Reflecting on Billy Graham’s legacy, I am reminded how organized religion has not done well by me or my gay brethren.  This has been particularly the case for Abrahamic faith institutions– though filled as they are with wonderful, loving individuals.  Hence, this is a big reason why I am not a member of such an organization.  I worship the gods alone and in small groups, making my way on rare occasion to a local Unitarian Universalist Church, where I take the best, leave the rest, and am accepted, at least formally, as I truly am, a gay Pagan.

Mini Movie Review (BLACK PANTHER)

As an Eclectic Pagan, I appreciated the shamanic ancestral practices beautifully and respectfully shown in the BLACK PANTHER, as well as the nature-based, animal form goddess and god worship in that movie. The religious and spiritual material appeared to be inspired by and derived from centuries, even millennia, of a variety of actual indigenous tribal ways, with a bit of ancient Egyptian and Hindu pantheon names (Bast and Hanuman, respectively) thrown in for good measure. And while the cosmology of the Wakanda peoples and land was entirely made up, it was laid out at the start in a caring, celebratory way that left me with a sense of honoring or veneration. This pleasantly touched the devotional side of me. The very positive, normalizing portrayal of a culture of Pagan worship that is also technologically advanced while existing harmoniously with the rest of nature (or so this was at least suggested) felt deeply affirming for me as a modern Pagan. There really is a lot of goodness to be found in the refreshing imagery and ideas within the film BLACK PANTHER, from which I continue to derive good feelings.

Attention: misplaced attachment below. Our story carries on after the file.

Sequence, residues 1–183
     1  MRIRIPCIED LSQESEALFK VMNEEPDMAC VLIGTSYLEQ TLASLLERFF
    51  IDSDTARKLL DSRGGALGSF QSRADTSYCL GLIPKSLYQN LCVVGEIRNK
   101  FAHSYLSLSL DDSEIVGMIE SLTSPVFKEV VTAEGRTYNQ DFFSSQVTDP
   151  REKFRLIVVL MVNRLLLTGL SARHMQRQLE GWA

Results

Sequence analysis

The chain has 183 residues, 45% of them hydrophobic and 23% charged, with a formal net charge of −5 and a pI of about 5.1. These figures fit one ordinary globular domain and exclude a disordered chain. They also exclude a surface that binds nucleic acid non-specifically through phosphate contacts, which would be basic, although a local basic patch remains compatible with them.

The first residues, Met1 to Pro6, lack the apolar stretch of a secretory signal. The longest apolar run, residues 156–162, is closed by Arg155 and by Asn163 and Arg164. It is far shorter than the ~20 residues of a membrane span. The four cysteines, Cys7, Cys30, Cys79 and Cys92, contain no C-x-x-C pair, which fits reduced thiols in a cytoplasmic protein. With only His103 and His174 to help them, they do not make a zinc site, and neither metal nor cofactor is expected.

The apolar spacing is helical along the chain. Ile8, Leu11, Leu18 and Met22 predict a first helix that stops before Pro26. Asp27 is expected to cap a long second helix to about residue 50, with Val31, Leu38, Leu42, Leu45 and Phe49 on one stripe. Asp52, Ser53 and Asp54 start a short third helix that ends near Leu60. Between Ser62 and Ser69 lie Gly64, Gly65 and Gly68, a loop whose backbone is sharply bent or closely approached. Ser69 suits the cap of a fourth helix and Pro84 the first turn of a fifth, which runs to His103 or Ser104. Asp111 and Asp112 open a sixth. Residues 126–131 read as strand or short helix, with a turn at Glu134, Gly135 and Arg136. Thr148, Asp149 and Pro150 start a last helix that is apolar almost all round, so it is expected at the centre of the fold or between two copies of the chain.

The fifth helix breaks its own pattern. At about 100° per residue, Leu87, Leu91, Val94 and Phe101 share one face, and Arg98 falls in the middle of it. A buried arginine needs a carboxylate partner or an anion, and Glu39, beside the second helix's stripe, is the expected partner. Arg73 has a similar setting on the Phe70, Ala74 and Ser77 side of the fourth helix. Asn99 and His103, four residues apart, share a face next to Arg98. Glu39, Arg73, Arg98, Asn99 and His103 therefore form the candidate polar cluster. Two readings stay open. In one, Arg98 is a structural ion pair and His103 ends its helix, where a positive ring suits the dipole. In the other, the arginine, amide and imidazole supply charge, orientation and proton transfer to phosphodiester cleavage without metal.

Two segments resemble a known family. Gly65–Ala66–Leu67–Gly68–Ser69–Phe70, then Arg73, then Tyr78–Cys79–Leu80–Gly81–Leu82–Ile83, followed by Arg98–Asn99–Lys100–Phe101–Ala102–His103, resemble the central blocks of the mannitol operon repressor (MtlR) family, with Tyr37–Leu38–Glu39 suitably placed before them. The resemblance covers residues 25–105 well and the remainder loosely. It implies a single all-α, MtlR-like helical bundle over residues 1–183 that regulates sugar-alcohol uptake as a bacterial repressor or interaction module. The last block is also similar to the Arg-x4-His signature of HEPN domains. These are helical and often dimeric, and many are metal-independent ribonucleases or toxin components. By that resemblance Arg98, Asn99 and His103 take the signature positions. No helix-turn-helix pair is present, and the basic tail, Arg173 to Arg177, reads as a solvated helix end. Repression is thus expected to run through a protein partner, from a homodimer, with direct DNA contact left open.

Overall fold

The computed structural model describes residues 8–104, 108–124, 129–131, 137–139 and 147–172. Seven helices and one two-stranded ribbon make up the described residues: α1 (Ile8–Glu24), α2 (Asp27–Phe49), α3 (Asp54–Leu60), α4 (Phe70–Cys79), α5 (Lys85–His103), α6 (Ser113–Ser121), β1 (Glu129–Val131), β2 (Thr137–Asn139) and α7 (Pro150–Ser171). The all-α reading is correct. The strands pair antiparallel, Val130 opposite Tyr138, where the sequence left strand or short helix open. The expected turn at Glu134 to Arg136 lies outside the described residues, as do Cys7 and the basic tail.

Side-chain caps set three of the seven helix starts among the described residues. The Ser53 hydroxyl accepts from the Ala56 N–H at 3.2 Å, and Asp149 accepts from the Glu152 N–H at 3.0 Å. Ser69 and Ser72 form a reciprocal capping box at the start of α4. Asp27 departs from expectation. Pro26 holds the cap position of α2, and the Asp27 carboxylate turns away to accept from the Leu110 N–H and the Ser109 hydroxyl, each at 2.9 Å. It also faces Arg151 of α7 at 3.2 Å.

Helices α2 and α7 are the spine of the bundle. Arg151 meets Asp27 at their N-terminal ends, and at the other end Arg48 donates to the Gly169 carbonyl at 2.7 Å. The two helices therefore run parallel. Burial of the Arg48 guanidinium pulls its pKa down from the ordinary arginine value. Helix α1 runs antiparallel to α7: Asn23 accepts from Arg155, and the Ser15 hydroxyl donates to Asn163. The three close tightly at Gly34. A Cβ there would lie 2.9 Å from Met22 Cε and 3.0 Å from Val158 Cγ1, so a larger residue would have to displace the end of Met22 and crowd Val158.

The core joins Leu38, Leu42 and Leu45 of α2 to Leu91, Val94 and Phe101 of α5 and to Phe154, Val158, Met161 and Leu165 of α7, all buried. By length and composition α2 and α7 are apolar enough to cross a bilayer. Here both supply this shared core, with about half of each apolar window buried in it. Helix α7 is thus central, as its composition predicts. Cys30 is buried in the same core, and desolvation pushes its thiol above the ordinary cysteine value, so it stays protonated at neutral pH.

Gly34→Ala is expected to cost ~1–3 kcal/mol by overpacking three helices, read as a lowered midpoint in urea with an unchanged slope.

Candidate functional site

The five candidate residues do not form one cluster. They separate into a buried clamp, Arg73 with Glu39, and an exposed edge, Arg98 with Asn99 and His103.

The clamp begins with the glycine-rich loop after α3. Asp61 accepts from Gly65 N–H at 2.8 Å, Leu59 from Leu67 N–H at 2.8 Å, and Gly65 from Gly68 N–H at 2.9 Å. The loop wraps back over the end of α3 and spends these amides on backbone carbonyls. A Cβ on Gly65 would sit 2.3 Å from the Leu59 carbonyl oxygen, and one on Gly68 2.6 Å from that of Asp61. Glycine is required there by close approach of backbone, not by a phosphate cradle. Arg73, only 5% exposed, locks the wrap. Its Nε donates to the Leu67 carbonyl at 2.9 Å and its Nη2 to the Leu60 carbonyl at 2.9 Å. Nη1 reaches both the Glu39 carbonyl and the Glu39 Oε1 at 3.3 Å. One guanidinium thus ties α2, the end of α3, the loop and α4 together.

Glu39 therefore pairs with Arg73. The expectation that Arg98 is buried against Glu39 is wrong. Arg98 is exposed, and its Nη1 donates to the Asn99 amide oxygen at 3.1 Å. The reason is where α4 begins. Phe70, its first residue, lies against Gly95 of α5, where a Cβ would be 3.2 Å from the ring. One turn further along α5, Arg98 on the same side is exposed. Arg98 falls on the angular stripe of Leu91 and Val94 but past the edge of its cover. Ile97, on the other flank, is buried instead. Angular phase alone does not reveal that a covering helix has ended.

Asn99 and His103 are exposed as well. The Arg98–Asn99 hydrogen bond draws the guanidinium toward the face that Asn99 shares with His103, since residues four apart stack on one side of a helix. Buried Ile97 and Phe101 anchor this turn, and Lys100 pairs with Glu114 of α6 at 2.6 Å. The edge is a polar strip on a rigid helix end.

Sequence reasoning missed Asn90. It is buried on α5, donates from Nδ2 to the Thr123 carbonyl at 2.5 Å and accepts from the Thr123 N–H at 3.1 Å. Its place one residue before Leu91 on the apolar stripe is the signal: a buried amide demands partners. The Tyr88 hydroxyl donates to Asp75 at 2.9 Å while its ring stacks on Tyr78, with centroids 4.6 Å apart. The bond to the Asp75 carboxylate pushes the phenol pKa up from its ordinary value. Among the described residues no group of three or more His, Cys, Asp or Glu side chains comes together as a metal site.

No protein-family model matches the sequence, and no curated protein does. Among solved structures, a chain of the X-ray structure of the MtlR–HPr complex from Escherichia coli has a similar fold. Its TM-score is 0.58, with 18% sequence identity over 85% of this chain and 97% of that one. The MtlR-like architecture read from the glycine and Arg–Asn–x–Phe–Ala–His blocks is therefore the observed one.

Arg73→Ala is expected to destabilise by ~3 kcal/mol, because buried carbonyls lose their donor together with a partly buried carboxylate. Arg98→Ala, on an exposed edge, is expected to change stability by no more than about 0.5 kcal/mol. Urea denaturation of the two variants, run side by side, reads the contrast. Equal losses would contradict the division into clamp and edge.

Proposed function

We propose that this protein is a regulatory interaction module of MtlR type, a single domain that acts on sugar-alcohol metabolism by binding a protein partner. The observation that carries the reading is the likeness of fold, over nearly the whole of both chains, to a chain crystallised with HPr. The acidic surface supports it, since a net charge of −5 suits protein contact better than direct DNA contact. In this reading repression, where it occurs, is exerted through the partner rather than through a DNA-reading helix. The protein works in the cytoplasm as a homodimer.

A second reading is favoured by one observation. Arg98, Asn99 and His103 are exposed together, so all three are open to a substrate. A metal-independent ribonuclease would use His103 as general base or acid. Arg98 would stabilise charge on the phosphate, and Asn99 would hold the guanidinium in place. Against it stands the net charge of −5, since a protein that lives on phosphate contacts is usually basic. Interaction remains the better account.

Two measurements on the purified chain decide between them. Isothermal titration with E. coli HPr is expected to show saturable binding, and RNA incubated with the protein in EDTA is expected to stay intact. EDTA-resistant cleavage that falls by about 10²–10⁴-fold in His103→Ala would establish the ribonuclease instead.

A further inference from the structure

Vessel for the Self

Sitting with people as I have done all day, five days a week, for the many years I’ve been doing this sacred work has helped me to better see, and then assist in bringing forth, the essential Buddha/Christ/Divine/deeply good nature in people, all sorts of people. On increasingly rarer occasion, I haven’t been able to do this with someone.  It’s clearly been because I wasn’t the right vessel at the time to allow an individual’s core, good Self to come through, sometimes due to my own blind spot(s) I still need to address.  However, more frequently, it’s because of their own issues, or parts, somehow clashing up against the image and sense of me they see and hear before them.  But, often, the person is simply not yet ready to allow this healing process to happen the way they so badly need it to.  At those times, I turn over trust to the universe that these folks will find the right healer(s) and place to finally arrive more into their true Selves. And to that end, I offer them other names of colleagues and other supports as indicated.